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Categories: Sermons
  1. November 9th, 2009 at 16:43 | #1

    A year at Hamel was the best homiletics instruction I ever received, particularly in preaching for funerals. I couldn’t have written this sermon (for example) without listening to Weedon’s sermons:

    http://chaz-lehmann.livejournal.com/765981.html

    All my funeral homilies have been influenced by listening to Weedon.

  2. A Poor Maggot Sack
    November 9th, 2009 at 18:10 | #2

    You mention “public confession.” What about someone’s “private confession?”

    McCain response: Thanks for the comment. Can you elaborate? I don’t understand your question.

  3. Bad Ice
    November 9th, 2009 at 19:23 | #3

    I appreciate that kind of funeral sermon.

    I wonder if Weedon reads the obit. I gave it up since it sounded really weird to say “J Doe is survived by her sister Annabelle(and Annabelle’s special Bill) Are Annabelle and Bill engaged? Living together? Just friends for the mentioning? Is Bill a pet?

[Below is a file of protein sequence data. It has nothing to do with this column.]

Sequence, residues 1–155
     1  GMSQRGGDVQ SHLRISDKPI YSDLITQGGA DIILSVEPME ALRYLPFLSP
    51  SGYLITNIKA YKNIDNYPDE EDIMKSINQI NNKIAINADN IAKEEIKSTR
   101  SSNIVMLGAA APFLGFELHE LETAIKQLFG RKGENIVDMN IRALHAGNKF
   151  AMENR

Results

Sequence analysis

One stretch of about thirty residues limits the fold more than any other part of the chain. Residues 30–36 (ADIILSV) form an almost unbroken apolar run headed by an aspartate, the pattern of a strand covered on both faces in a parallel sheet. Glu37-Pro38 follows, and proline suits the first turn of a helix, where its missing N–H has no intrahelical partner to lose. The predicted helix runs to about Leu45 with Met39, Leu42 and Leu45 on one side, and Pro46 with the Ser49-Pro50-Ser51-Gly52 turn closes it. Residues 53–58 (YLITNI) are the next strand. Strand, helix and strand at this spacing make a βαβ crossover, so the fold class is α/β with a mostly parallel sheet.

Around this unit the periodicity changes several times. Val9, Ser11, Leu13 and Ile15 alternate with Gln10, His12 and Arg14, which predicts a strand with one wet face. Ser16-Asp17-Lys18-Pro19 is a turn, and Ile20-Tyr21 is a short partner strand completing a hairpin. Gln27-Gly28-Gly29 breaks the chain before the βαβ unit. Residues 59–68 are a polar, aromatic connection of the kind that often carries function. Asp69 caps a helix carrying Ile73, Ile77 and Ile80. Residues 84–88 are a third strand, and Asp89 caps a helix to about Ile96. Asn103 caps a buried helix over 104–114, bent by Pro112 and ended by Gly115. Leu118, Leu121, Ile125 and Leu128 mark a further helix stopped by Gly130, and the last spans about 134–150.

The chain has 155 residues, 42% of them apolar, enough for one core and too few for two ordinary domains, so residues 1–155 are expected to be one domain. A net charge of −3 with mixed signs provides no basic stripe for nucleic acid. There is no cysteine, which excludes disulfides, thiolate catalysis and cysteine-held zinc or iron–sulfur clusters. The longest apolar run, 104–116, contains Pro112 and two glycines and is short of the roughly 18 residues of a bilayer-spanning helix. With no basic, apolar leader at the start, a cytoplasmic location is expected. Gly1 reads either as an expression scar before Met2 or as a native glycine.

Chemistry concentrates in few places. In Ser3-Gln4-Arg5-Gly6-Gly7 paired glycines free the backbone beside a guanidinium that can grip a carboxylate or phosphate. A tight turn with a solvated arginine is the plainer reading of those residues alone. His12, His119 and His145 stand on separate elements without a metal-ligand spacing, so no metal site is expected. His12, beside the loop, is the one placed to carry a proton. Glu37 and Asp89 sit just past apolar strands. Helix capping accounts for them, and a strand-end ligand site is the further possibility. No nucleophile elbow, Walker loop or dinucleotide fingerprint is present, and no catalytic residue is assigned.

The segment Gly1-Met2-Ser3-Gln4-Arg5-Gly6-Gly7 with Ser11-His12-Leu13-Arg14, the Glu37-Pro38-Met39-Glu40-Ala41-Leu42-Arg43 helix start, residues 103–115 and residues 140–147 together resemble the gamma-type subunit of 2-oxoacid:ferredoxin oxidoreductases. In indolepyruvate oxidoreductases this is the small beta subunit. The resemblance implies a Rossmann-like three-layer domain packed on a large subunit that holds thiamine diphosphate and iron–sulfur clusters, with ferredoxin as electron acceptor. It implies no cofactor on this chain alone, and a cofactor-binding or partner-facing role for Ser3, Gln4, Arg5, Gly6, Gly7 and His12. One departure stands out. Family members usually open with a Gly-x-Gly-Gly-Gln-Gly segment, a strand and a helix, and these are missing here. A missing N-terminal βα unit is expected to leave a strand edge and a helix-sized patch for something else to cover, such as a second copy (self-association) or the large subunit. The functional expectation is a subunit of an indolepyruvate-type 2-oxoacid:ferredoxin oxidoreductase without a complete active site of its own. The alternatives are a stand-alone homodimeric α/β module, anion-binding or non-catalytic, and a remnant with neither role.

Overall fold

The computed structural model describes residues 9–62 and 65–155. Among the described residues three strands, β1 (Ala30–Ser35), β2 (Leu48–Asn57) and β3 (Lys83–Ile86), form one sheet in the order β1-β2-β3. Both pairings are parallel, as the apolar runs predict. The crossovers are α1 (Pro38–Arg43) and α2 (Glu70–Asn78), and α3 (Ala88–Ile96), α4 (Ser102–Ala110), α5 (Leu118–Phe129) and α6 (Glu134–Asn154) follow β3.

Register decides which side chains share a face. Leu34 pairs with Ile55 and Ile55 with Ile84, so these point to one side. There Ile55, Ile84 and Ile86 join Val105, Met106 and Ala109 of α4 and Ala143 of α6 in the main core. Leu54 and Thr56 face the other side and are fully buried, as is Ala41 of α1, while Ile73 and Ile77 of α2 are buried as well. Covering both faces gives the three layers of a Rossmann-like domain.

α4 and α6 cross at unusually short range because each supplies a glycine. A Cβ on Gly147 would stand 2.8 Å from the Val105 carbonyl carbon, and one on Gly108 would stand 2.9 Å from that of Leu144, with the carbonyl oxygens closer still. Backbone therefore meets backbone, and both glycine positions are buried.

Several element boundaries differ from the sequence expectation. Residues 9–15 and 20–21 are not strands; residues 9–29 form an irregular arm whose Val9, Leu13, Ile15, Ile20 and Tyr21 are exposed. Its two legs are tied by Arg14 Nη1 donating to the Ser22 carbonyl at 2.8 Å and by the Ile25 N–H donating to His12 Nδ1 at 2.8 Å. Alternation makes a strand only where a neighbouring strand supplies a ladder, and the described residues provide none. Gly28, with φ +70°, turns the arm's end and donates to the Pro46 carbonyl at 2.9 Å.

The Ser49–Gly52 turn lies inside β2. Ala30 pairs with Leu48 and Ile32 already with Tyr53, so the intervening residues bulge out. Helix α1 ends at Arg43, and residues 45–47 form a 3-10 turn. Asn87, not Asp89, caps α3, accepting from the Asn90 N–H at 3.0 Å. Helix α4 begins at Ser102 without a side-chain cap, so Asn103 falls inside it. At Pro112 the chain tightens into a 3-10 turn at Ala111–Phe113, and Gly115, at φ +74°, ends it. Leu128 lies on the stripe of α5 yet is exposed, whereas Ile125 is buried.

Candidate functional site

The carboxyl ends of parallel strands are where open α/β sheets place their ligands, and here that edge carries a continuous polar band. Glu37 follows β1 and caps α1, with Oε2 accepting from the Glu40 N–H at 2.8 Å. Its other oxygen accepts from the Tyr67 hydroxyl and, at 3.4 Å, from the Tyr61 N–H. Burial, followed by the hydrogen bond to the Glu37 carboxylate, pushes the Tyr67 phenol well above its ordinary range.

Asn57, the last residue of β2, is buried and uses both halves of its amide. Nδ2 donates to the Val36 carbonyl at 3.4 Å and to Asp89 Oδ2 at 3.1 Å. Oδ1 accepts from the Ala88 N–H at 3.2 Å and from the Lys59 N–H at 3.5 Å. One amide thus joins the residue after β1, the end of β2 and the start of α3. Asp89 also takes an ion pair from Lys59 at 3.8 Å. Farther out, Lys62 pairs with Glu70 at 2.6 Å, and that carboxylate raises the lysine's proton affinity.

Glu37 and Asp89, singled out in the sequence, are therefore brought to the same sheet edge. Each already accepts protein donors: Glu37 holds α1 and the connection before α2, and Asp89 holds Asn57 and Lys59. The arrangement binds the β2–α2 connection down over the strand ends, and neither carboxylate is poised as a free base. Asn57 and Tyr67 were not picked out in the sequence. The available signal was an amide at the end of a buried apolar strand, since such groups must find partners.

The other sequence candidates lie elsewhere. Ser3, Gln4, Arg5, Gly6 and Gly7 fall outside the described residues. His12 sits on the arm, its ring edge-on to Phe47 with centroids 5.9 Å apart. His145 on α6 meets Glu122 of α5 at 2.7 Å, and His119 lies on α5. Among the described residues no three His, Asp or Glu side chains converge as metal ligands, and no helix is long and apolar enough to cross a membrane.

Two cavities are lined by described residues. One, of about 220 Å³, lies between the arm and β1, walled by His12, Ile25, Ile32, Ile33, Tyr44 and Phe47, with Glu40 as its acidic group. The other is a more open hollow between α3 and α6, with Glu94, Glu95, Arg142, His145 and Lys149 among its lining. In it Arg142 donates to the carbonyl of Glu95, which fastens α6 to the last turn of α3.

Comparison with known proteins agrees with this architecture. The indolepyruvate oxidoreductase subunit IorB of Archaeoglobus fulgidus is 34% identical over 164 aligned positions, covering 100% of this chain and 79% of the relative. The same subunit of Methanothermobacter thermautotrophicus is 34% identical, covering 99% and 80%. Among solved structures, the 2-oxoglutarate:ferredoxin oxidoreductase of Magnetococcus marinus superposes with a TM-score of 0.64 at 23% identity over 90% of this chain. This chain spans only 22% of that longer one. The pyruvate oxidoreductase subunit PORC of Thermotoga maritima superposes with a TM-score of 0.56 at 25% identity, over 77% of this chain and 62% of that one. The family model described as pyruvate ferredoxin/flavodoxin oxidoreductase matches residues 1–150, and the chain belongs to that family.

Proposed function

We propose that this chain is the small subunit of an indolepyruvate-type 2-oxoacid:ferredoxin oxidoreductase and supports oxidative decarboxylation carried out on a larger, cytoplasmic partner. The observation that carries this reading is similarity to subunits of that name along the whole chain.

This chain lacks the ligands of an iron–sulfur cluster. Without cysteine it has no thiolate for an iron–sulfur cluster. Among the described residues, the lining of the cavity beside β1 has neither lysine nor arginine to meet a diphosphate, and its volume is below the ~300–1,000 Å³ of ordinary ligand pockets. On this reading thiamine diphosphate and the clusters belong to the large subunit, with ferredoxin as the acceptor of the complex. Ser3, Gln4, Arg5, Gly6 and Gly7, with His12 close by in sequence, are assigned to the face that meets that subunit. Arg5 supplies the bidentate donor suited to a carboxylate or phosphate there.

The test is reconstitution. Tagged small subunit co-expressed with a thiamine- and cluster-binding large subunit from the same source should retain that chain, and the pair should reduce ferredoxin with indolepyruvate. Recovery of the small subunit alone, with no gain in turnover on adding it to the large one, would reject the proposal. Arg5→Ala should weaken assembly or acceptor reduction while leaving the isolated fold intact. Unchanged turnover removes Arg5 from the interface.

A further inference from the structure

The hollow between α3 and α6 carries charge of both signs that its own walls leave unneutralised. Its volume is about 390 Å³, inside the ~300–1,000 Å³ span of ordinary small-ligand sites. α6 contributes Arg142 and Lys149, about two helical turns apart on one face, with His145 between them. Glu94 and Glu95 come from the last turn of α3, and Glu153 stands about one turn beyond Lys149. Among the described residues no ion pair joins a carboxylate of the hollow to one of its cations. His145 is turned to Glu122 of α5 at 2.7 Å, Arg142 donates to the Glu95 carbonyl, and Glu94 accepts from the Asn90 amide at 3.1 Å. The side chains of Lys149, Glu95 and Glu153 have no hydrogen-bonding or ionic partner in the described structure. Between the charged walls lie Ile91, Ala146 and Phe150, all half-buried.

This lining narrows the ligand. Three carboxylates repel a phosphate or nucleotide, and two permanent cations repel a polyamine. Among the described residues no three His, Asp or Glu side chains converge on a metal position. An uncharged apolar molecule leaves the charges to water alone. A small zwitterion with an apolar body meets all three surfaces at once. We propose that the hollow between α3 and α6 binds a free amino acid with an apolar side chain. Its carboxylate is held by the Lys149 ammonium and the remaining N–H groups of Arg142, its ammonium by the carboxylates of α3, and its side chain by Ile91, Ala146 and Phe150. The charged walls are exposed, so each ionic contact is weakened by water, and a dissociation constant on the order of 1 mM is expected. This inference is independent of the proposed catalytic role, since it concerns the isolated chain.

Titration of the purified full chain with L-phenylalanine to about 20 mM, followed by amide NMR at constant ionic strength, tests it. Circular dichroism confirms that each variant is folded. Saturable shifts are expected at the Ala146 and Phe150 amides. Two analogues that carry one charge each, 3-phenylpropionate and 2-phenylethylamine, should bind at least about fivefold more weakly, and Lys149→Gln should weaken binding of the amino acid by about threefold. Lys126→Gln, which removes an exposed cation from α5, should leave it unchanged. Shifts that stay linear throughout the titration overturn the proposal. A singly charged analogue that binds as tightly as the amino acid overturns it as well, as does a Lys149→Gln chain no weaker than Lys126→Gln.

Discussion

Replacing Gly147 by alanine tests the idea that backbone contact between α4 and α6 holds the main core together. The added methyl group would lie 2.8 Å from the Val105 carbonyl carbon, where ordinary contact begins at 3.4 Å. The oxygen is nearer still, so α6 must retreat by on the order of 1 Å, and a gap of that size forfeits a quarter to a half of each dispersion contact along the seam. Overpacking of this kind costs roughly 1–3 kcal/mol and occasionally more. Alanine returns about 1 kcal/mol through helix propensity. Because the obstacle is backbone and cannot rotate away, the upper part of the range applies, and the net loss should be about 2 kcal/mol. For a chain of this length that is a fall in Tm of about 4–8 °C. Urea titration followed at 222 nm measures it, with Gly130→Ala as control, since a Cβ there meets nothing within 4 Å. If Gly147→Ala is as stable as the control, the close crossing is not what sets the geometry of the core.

Plus that most people have read the obit in the paper and prior to the service.

  4. November 10th, 2009 at 14:07 | #4

    Pr. Weedon does read the obit at the end of the homily. I haven’t adopted that practice.

  5. Susan Robbins
    November 11th, 2009 at 10:54 | #5

    Doesn’t the ‘public confession’ refer not to the confession of sins (as in private confession), but to one’s public confession of the faith? And that confession made not only through faithful attendance to the preaching of the word, participation in the liturgy, and partaking of the sacraments, but of one’s life lived within that confession: in one’s vocation, as husband, father, church member, laborer, etc.? (That is, wherever one finds oneself within the world)

    McCain response: Spot-on correct, Susan.